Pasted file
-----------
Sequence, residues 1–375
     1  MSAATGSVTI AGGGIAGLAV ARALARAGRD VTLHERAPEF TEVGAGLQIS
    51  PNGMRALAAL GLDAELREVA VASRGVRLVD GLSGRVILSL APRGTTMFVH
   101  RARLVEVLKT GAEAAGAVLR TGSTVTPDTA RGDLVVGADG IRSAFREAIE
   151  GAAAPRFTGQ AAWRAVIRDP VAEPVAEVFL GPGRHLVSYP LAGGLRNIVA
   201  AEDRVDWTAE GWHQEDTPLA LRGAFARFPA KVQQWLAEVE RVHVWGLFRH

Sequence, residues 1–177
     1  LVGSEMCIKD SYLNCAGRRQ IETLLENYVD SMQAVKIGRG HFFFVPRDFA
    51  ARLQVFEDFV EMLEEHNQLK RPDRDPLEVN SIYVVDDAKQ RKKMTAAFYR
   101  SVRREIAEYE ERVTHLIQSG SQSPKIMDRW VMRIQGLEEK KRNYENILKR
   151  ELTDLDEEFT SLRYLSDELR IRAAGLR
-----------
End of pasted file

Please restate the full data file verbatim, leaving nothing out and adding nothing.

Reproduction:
Sequence, residues 1–375
     1  MSAATGSVTI AGGGIAGLAV ARALARAGRD VTLHERAPEF TEVGAGLQIS
    51  PNGMRALAAL GLDAELREVA VASRGVRLVD GLSGRVILSL APRGTTMFVH
   101  RARLVEVLKT GAEAAGAVLR TGSTVTPDTA RGDLVVGADG IRSAFREAIE
   151  GAAAPRFTGQ AAWRAVIRDP VAEPVAEVFL GPGRHLVSYP LAGGLRNIVA
   201  AEDRVDWTAE GWHQEDTPLA LRGAFARFPA KVQQWLAEVE RVHVWGLFRH

Sequence, residues 1–177
     1  LVGSEMCIKD SYLNCAGRRQ IETLLENYVD SMQAVKIGRG HFFFVPRDFA
    51  ARLQVFEDFV EMLEEHNQLK RPDRDPLEVN SIYVVDDAKQ RKKMTAAFYR
   101  SVRREIAEYE ERVTHLIQSG SQSPKIMDRW VMRIQGLEEK KRNYENILKR
   151  ELTDLDEEFT SLRYLSDELR IRAAGLR